Plate heat exchangers come in two basic configurations—flat plate heat exchangers or plate and frame heat exchangers. Countless other exchangers fall under this category.
Flat plate heat exchangers transfer heat through plates that are flat and corrugated.
Plate and frame heat exchangers are large plate heat exchangers used with HVAC applications. They feature rectangular plates held together by membranes and are sealed by gaskets. Sometimes, they’re welded together in order to safeguard against leakage. The rectangular plates feature holes through which fluids can pass.
Plate-fin heat exchangers are so named because they’re made up of parallel jointed plates, interlocked using fins. Plate-fin exchangers offer the advantage of versatility. Due to their arrangement, they permit the exchange of around 12 fluid flows within one exchanger. Also, they allow for either cross-flow or parallel flow in between adjacent plates. Able to operate within close temperature limits, plate-fin exchangers are popular in gas liquefaction.
Spiral plate heat exchangers feature two flat, parallel plates that have been wound to form a coil, and terminals that are either gasket-sealed or welded. Spiral heat exchangers are best used with fluids that carry fibers or particles, and heavy viscous fluids that may cause fouling.
Air to air heat exchangers maintain fresh air by removing stale indoor air and replacing it with fresh outdoor air.
Water to air heat exchangers, as their name suggests, are designed to pass heat energy from water to the air.
Tubular Heat Exchangers
Tubular Heat Exchangers feature tubular elements that allow them to cater to a wide range of temperatures and pressure levels.
Some of the most common tubular heat exchanger configurations include: shell and tube heat exchangers, finned tube heat exchangers, air-cooled heat exchangers, oil coolers, marine exchangers and water-to-water heat exchangers.
Shell and tube heat exchangers (shell-and-tube heat exchangers) consist of several tubes mounted inside a cylindrical metal shell. The shell allows for the exchange of heat from the fluid inside or outside the tube(s). Shell and tube heat exchangers have four main components: the front end, the rear end, the tube bundle, and the shell. The front end is the area through which the fluid enters, while the rear end is the area through which it exits. The tube bundle consists of the tubes, tube sheets, and tie rods that hold them all together. Finally, the shell holds the tube bundle.
Finned tube heat exchangers are simply heat exchangers that feature finned tubes. Fins allow for higher efficiency.
Air-cooled heat exchangers cool air as it is exchanged through tube bundles. They do so using a fan system placed above the bundles, where it creates a draught, and finned tubes that suck in the air and increase surface area. They work best where you can’t use cooling water or fluid efficiently.
Oil coolers transfer thermal energy (heat) through oil that needs cooling. They do so by carrying the heated oil through cooling units.
Marine heat exchangers are those heat exchangers used on ships, boats and other marine vehicles. Typically, they work using a water-to-water configuration.
Water to water heat exchangers indirectly heat one liquid using the heat energy from another liquid.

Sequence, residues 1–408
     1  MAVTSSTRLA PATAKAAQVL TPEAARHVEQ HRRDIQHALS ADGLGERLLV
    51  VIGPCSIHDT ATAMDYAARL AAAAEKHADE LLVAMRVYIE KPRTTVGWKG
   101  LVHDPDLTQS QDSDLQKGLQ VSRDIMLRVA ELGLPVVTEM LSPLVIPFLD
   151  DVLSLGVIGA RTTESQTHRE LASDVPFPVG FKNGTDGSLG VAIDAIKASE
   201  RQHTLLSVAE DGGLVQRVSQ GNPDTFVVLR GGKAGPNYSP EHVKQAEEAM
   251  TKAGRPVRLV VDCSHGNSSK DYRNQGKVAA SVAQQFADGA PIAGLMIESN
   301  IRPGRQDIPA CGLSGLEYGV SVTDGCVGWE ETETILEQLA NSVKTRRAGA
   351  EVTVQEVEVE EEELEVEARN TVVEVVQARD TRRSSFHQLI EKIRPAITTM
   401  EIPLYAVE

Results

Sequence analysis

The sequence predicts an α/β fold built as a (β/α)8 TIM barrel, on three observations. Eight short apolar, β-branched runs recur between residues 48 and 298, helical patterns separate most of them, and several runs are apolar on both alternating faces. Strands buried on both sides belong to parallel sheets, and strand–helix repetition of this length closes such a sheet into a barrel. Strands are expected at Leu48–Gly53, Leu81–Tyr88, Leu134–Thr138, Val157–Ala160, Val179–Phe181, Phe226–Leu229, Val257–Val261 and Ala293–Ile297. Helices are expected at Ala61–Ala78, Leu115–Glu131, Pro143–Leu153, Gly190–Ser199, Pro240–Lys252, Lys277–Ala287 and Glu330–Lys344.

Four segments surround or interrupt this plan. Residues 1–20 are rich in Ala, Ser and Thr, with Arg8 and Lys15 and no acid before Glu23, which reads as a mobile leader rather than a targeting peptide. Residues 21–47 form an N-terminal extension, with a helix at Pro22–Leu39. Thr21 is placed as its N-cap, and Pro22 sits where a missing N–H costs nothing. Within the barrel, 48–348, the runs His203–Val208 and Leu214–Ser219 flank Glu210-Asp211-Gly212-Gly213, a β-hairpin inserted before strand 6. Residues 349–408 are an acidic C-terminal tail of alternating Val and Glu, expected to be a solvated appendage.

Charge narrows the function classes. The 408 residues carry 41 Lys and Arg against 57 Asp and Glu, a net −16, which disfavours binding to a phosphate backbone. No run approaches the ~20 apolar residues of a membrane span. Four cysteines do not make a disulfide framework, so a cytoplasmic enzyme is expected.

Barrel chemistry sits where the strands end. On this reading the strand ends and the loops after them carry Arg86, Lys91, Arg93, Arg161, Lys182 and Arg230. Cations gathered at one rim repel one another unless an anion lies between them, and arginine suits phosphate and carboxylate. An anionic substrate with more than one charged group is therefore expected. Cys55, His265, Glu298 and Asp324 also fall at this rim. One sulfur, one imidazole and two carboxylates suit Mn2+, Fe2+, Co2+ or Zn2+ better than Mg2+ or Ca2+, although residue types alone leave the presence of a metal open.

Heat exchangers have many advantages including lower maintenance costs, improved performance, and saving time and energy. Heat exchangers make all of their applications more cost and energy efficient regardless of whether they are used for commercial or industrial purposes.
Design and Customization
When designing commercial or industrial heat exchangers, manufacturers consider application specifics such as: minimum and maximum heat, type of fluid flow, rate of fluid exchange, rate of flow, possible fluid flow contaminants, required flow and heat exchange efficiency levels, and standard requirements. These considerations help them decide factors such as tube thickness, tube material, tube length, tube pitch, tube layout, fluid flow design and tube corrugation.
Depending on the overall function and location, manufacturers may design heat exchangers using any one of a variety of configurations. Generally, they build heat exchangers with a flat plate design or a shell and tube design. Air, liquid, or steam flow through a network of heat conducting tubes or cavities lined with heat conducting plates.
Heat exchanger manufacturers construct their products from materials that are corrosion resistant and durable, such as cast iron, aluminum, steel, stainless steel, bronze, copper, and titanium.
Manufacturers customize their designs in a number of ways. For example, if the application calls for it, manufacturers will bend tubes into a “u” shape, making what is called a u-tube heat exchanger.
Things to Consider
Caring for Your Heat Exchangers
Corrosion is the most prominent issue in heat exchangers and is difficult to avoid due to the constant high levels of humidity and flow of liquids. Fortunately, you can minimize corrosion-related system running problems by using walling and tubing that is resistant to leaching, cracking, pitting, and corrosion.
There are also liquids that can cause residue to build up over time. The residue can be cleaned, and the cleaning process can be done without too much delay.
How to Choose the Right Manufacturer
For high quality heat exchangers, you need to work with a high-quality heat exchanger manufacturer. We’ve compiled profiles of heat exchanger suppliers we trust. You will find those profiles nestled in between the information paragraphs throughout this page. Before you scroll up to look at them, we recommend you create a list of specifications. That way, you can consult them as needed. Make sure to specify like things like fluid type, fluid flow type, your available space, your budget, your timeline, any standard requirements and your custom requests. Once you’ve completed your list, start browsing. Select three or four companies and reach out to them. Discuss your application at length, taking notes as you go. After consulting with each of them, look over your notes to determine which manufacturer is right for you. Once you’ve figured that out, give them a call and get started.